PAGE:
My daughter and wife were watching one of the Tinkerbell movies. I caught ten minutes of it, before declaring “well that isn’t Tinkerbell” (you know, in that way that only the most obnoxious people nit-pick movies). My wife looked at me puzzled (my daughter carried on enjoying the movie and ignoring her silly daddy) and I reminded her that in the original story Tinkerbell is not the super-happy, kind and caring friend she’s more recently portrayed as.
No, Tinkerbell is just awful. She’s vain and spiteful, she’s more than ready to shank anyone that crosses her, and if she considers you a rival she will gleefully put you in mortal danger. She’s a terrible creature.
I was worried about this one. This is the most powerful creature in the entire Potterverse. I was not sure I could make the conversion to Dungeons & Dragons monster. After hours of research and careful calculation, I think I have a worthy D&D stat block for the most Fantastic Beast.
Thank You For Reading
Happy 1st April. Want some proper Fantastic Beasts for your D&D game? Look here!
Not everything in D&D – or Harry Potter, for that matter – is designed to kill the characters. There’s a creature called an Almiraj, which is basically a rabbit with a unicorn horn. There’s also this thing called a Flumph, a curious little floating aberration with the threat level of mouldy marshmallow. There’s also Awakened Shrubs… which are shrubs that are smart enough to talk… because sometimes you want your players to fight a dragon and sometimes you want them to have an awkward conversation with a bush.
Before going back into lockdown, I noticed that many young students were reading Harry Potter for the first time. It’s no surprise of course, but it was lovely to see a wave of new readers discovering the series. I seem to find myself revisiting the series too – I’m currently listening to Potterverse, and I often catch parts of the audiobooks my wife is re-listening to.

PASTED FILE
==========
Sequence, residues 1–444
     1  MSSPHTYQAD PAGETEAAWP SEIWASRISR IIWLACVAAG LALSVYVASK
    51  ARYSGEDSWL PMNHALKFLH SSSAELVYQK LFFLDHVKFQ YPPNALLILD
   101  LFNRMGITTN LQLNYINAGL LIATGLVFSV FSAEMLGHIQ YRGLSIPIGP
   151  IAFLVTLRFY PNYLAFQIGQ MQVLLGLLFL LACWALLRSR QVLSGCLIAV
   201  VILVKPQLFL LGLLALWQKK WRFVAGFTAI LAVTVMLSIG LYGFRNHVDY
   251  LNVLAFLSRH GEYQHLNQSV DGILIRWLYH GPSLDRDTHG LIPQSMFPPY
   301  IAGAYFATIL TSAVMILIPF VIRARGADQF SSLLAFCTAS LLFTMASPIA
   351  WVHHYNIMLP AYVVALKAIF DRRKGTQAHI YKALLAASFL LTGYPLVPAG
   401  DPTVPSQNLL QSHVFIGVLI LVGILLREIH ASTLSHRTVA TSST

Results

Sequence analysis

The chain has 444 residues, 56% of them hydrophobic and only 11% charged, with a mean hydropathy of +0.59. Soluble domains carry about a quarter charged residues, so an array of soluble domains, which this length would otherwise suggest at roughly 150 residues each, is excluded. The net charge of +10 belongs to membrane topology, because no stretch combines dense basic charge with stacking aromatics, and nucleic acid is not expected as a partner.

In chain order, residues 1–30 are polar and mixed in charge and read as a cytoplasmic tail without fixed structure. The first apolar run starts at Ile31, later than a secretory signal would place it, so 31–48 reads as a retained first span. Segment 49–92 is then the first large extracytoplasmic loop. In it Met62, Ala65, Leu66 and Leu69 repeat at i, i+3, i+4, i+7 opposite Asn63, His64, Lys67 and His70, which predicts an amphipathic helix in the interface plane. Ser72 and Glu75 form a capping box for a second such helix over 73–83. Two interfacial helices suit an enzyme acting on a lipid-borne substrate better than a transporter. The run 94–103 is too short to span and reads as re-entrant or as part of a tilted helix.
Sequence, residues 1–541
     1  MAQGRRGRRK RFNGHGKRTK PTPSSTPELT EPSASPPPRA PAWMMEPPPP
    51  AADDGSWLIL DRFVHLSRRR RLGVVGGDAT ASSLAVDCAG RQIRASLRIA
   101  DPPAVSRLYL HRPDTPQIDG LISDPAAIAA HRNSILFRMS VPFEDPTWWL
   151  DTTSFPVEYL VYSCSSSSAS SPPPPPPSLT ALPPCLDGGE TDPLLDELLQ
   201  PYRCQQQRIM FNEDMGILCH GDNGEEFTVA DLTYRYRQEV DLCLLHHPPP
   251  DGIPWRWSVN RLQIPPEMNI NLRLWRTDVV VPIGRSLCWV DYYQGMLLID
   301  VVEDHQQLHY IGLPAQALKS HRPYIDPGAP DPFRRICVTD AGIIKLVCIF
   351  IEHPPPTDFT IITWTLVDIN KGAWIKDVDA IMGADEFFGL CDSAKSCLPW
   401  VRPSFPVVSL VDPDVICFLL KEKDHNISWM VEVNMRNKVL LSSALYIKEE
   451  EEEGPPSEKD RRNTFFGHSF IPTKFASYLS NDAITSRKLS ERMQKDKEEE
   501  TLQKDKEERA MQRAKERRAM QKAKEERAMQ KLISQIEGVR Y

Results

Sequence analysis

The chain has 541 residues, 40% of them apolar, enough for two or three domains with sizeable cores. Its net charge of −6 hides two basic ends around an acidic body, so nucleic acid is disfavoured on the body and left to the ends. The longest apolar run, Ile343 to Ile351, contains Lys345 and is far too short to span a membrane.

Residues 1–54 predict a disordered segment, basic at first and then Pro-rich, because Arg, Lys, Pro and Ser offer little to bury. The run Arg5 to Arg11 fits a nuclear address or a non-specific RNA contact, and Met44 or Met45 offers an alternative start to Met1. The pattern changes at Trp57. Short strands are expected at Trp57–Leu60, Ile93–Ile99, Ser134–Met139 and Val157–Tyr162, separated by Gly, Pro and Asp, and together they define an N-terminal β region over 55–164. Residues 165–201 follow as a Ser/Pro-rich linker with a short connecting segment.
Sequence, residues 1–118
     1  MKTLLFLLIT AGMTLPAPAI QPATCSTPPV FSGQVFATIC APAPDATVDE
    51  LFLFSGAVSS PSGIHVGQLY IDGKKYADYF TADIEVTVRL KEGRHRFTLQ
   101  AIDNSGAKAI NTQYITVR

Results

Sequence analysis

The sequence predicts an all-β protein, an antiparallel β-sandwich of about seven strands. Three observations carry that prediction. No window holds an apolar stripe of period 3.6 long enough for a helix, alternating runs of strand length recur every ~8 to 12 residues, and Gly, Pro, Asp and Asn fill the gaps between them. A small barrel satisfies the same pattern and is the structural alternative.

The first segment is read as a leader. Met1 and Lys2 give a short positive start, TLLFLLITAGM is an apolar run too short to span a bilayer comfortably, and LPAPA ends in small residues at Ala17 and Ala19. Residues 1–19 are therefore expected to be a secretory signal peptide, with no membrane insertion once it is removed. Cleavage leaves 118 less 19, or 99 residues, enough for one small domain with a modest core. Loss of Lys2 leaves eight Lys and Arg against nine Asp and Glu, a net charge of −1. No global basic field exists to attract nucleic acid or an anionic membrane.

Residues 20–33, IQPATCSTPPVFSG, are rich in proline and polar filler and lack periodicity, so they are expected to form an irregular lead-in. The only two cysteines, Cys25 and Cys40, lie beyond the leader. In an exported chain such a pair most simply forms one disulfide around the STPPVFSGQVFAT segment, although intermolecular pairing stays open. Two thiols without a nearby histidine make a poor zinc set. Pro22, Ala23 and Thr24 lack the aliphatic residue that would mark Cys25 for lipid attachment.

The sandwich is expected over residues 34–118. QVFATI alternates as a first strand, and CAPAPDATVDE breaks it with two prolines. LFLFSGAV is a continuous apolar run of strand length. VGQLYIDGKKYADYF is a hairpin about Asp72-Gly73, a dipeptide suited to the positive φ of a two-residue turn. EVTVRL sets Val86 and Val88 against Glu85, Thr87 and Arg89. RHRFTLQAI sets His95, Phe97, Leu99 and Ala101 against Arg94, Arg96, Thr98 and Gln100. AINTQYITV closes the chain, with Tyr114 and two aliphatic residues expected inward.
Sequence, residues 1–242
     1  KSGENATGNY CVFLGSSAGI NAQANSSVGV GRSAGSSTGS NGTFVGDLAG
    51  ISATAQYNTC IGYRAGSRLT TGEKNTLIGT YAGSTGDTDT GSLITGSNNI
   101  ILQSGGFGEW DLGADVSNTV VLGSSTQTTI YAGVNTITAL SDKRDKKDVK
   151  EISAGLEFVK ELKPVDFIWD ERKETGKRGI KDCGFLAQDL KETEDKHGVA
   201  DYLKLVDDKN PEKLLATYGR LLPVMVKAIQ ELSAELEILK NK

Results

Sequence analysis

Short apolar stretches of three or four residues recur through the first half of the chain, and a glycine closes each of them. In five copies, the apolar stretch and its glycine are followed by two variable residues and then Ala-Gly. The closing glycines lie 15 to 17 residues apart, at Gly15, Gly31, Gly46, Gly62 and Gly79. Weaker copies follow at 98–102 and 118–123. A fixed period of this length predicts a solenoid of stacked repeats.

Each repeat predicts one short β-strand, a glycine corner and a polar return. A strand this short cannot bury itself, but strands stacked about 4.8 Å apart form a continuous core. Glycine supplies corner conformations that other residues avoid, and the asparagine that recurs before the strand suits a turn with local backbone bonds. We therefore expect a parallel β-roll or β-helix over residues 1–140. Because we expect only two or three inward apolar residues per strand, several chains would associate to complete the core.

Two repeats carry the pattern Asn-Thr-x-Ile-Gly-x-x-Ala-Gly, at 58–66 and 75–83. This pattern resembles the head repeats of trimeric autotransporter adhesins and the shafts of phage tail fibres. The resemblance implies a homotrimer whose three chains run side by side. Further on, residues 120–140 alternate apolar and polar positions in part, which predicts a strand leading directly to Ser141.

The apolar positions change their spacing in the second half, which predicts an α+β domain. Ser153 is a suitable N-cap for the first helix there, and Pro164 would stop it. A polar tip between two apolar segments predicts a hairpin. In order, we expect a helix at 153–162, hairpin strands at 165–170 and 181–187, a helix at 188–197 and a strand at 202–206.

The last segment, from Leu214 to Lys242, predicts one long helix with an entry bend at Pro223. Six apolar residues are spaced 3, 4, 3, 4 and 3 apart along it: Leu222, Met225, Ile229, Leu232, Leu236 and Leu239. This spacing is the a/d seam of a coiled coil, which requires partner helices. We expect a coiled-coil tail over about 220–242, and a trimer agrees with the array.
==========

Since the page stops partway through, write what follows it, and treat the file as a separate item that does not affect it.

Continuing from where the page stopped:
Gamers do as they are told. Video games set the rules, and we follow them. When a game says “jump”, we press the jump button. We will run, fight and sometimes dance when the game demands it. We play the game as intended…most of the time…
Sometimes we get to do things that the game didn’t plan for. We can’t exactly break the rules – unless we want to fall through the game world or glitch out – but we can bend the rules for our amusement. We’ve all done it. (Yes you have, don’t lie). Sometimes we misbehave because we’re looking for a laugh, sometimes we do it because the game isn’t what we expected. Other times, we play the wrong way to see if the video game will stop us.
This was going to be a one-off article with several examples, but I soon realised this was turning into a biiig looong blogpost. So instead I’ve picked out one game that I played incorrectly. If this proves to be an interesting read, then I’ll bring out the other examples later.
In my never-ending journey to the summit of Backlog Game Mountain, I finally reached The Last of Us. It took a long time to get there, but it was worth it. I’d heard great things, and was expecting to find an amazing game. It really is all sorts of amazing. I wasn’t however expecting to feel sympathy for the Clickers.
What is intended to be the creepiest creature in The Last of Us ended up earning my pity. They are monsters, but in my mind they are misunderstood monsters. Below, I will explain why I feel this way, and also share my thoughts on other creatures that I believe should not be punished for being bad.